There are two half truths circulating about cinematography and cinematographers in the digital age that I would like to address in this monthís column. First, that todayís producers dictate the medium and the equipment used on a production because digitizing makes everything easier, and a cinematographerís input is not needed. Itís true that producers do carry the fiduciary weight of making a final decision, but, and thatís a big but, most producers, at least the ones I know, will always consult their cinematographer before deciding. To do otherwise is simply courting disaster. After all, we work in an industry that relies on creative collaboration. The cinematographer is the keeper of the image and it is their responsibility to tell the visual story. So why would any self-respecting producer not loop in their cinematographer to help decide what is best for production? The collaboration with the cinematographer is just as intricate and necessary as it is with the director, the script writer or the talent. Of course, there is always the situation where a producer says, ďHere is the equipment, this is the medium.Ē: Then, itís up to the cinematographer to assess that all the tools are in place to produce what is expected. If they are, itís game on! Letís shoot! If the tools are not there, this will most likely be a troubled production that no amount of post is going to fix. It simply makes sense for a producer to heed a cinematographerís advice, so they can retool or alter their expectations.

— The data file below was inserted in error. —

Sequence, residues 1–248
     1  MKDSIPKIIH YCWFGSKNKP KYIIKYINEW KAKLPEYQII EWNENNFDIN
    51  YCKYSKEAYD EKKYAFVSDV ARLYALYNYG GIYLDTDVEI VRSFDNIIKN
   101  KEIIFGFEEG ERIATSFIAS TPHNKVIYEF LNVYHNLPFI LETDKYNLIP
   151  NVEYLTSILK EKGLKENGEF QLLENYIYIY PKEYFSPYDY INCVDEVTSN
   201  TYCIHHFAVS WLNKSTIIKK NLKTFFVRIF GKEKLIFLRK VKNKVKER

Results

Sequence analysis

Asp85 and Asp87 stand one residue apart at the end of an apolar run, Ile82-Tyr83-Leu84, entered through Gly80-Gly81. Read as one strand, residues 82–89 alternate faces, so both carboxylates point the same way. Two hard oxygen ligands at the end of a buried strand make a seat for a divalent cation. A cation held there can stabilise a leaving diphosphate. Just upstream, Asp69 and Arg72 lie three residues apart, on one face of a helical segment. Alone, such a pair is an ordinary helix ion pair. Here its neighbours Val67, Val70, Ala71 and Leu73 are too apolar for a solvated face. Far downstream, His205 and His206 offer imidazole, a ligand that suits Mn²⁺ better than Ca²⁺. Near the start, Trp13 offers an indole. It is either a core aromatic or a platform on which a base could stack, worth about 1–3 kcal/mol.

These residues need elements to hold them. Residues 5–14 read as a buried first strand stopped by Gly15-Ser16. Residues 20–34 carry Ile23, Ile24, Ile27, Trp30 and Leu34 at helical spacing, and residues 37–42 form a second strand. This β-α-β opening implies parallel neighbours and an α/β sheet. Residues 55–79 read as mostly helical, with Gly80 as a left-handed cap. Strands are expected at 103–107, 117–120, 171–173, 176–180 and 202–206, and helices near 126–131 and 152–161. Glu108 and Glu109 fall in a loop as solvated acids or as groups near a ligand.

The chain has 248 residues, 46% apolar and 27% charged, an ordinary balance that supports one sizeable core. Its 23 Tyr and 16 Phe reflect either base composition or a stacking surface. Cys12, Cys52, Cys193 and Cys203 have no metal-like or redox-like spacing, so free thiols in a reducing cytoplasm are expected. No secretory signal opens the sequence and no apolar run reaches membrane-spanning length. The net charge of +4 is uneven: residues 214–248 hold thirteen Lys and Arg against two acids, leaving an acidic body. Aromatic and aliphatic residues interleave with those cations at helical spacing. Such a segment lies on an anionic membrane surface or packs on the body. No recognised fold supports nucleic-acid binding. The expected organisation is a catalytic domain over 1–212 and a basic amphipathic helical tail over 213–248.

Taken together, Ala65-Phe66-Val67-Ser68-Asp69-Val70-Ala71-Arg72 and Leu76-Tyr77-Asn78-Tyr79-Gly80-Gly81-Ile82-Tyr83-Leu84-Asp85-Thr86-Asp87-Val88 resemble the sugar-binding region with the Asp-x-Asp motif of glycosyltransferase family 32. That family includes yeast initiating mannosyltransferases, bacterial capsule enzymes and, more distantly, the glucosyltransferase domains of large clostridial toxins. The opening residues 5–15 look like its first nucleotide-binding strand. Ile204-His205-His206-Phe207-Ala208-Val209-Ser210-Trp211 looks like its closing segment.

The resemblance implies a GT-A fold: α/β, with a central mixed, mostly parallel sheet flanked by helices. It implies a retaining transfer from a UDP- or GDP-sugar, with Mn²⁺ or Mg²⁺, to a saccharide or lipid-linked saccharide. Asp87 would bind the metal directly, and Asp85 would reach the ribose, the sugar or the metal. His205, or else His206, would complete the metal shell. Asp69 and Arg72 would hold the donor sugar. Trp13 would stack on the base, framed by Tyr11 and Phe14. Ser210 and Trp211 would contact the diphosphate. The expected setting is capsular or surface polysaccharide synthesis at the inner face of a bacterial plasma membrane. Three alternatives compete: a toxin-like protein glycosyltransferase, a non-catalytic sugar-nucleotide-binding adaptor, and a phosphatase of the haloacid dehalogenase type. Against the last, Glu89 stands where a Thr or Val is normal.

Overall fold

Secondly, there is the notion that in a world of digital innovation cheaper and easy-to-use cameras are making the cinematographer obsolete. Yes, it is true that digitization has made cinematography readily accessible to more and more people. This is good! Itís wonderful that people can use cell phones to shoot events. There are even entire film festivals devoted to cell phone videos. The more citizen cinematographers out there, the better the appreciation for our craft, creativity and expertise. It was Michael Goi ASC, the president of the American Society of Cinematographers, who summed it up best when asked about the ďwaningĒ need for cinematographers in modern movie making. Goi aptly pointed out that anyone can pick up a guitar and strum a couple of bars, but not everyone is Eric Clapton. The technological advances in the last 25 years have been astounding, but, and again itís a big but, the advances are just tools. It is still up to the person behind the lens, using their expertise and knowledge, to create the visual interpretation. I donít think cinematography is going anywhere, except into the future.
To all our readers of Canadian Cinematographer: good shooting!
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